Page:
Art Is Important! Expression Is Vital To The Human Condition




A bird.

These two images make you think… that expression (in this case, the creation of artwork) is vitally important to the human condition. I would be 100 percent right if I stated to you that the person who painted this bird; was an artist who understand fully and lucidly, the freedom of a bird’s flight; and also had undying appreciation of our avian communities… their ability to use their wings to ‘rise above it all’. The mere artist can only “fly” after all, when absorbed in the expression of art.

We’ve been in the midst of a so called blizzard here in the Nor’ East. Blizzard Colby to be exact, but I hardly call 15 inches a blizzard. Anyway the news was remarking upon the large number of babies that were born during the blizzard. Gee, I wonder how many of them will be named Colby… I was sick with flu for a week before the storm came with sweats, 103 degree fever, chills lasting hours, head pain, coughing, congestion, etc. I think without creative expression I might’ve had a terrible time of being a shut-in. But I’ll tell you one of the things I did. A month ago I bought a plain wooden box and a Victorian calendar. When you open the box, it has a mirror inside. There is a lower drawer as well which I’m going to line with velvet when I get to a store for material. Sorry, I didn’t think to take a picture of the box before I started working on it.

This is what the box looked like an hour into the decoupage project:


 Decoupage: The art of cutting out images from paper and affixing them to surfaces with a clear glue, in this case: Mod-Podge. One of my most favorite things to do! Below, here is a picture of my box about 8 hours into the project:

 unnamed (1)

          I have done a lot of decoupaging and what I like to do is use paint to “antique” the pictures with a dry rubbing of paint. This box needs a lot more antiquing, but it’s almost there! The activity certainly helped me through a dreary day. Maybe you’re a whistler, a whittler, a writer or a doodler? Maybe you paint, draw, take photographs, sculpt, sing, or play an instrument? Expressing oneself is important. Take for example, the following painting:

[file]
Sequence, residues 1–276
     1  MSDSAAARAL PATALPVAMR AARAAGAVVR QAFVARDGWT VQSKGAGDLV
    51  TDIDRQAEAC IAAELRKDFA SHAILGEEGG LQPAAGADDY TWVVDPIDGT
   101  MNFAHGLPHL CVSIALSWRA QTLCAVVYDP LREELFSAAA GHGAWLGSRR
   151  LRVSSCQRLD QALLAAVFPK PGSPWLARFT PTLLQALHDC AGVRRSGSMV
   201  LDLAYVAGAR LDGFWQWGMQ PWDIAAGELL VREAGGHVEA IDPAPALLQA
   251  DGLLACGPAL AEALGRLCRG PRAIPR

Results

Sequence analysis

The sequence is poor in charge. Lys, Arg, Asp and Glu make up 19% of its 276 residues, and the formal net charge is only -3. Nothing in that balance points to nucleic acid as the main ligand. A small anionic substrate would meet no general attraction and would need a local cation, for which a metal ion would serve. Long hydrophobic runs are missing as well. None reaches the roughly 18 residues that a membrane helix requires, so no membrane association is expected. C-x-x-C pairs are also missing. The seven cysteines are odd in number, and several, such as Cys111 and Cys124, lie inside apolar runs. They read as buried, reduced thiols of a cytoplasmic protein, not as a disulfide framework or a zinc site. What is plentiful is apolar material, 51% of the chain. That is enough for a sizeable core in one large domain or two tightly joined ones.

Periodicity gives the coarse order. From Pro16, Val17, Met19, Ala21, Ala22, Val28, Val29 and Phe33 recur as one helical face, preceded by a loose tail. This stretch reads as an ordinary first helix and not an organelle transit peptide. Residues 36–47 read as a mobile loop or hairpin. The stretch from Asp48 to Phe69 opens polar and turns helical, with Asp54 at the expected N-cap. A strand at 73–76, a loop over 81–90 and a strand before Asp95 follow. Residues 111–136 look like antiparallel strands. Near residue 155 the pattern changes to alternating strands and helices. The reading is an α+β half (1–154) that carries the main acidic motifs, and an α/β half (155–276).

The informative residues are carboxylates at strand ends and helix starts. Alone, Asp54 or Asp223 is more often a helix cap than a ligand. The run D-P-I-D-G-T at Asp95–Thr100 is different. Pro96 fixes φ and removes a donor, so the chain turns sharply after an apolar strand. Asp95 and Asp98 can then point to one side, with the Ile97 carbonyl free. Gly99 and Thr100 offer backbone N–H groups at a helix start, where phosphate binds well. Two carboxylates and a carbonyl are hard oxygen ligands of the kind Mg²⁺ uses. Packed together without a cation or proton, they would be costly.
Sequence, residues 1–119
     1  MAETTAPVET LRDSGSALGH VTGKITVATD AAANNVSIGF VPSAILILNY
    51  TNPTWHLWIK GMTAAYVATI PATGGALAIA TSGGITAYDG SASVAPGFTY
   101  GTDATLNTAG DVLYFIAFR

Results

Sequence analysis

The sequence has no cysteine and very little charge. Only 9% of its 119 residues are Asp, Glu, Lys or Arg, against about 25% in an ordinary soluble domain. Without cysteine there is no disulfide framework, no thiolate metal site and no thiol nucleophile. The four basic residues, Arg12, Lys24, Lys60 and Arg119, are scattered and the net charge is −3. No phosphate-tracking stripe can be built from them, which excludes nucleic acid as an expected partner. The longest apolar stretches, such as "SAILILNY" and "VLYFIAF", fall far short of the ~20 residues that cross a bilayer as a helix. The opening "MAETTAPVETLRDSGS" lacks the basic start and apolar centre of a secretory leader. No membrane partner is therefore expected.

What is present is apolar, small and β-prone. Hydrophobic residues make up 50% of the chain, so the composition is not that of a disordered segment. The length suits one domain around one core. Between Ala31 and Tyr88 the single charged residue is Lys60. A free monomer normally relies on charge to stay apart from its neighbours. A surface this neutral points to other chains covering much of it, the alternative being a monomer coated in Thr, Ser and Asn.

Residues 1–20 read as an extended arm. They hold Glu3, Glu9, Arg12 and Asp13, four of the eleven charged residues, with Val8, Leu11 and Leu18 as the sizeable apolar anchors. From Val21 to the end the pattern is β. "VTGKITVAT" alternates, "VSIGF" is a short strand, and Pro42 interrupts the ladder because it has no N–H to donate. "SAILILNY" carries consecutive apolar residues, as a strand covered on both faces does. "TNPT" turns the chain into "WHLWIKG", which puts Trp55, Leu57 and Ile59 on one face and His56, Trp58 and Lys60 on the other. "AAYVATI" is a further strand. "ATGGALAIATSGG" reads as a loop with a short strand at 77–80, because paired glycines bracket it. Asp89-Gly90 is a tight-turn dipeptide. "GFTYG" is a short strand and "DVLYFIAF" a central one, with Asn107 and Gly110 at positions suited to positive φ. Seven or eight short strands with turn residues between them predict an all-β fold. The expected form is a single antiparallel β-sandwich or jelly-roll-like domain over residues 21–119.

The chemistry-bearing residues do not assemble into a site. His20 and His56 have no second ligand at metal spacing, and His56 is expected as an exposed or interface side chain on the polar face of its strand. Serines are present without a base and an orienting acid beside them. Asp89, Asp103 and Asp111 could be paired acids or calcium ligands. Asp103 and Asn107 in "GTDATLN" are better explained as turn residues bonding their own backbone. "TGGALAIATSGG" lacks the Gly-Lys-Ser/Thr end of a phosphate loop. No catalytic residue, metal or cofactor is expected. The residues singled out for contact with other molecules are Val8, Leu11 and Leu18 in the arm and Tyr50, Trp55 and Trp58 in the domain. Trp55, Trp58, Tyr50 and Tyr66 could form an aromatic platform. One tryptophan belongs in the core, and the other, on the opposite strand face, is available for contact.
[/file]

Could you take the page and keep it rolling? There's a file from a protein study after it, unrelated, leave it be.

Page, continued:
“Radiation,” 1989. Collection of the Art Gallery of Nova ScotiaCredit Courtesy of the Robert Pope Foundation website:

This painting was created by Robert Pope, who died in 1992 from an aggressive form of Hodgkin’s disease… I understand that the red lines that are bisecting are in fact the machine honing in on the body part. But I see it also as a cross. And that, that is symbolic of so much more than the throes of illness. How can I not be moved by the depiction of this body riddled with cancer, undergoing yet another procedure? I can only imagine the artist, his palette, his thoughts while he created this.

There is a whole profession out there consisting of counselors who study artwork, evaluate trends in human figure drawings of abused children, people who try to interpret what the artist felt during its creation, study the art for hidden depictions of trauma, the meanings behind their color choices, subject matter, etc. etc. I am very happy and also encouraged that for survivors of child abuse, rape, cancer and other traumas, there are programs all over the free world that encourage expression through art.

When I was little, a couple of traumatic things happened in my world. I let my imagination run randy through the tumble of boulders that was a dumping ground for trash like gutless TVs, fenders, and shattered glass. This secluded area was not far from the billboard and the highway where I lived. Woodchucks, rabbits, snakes and rats lived in and around my boulder playground. I saw a black cat wrestle a snake and win.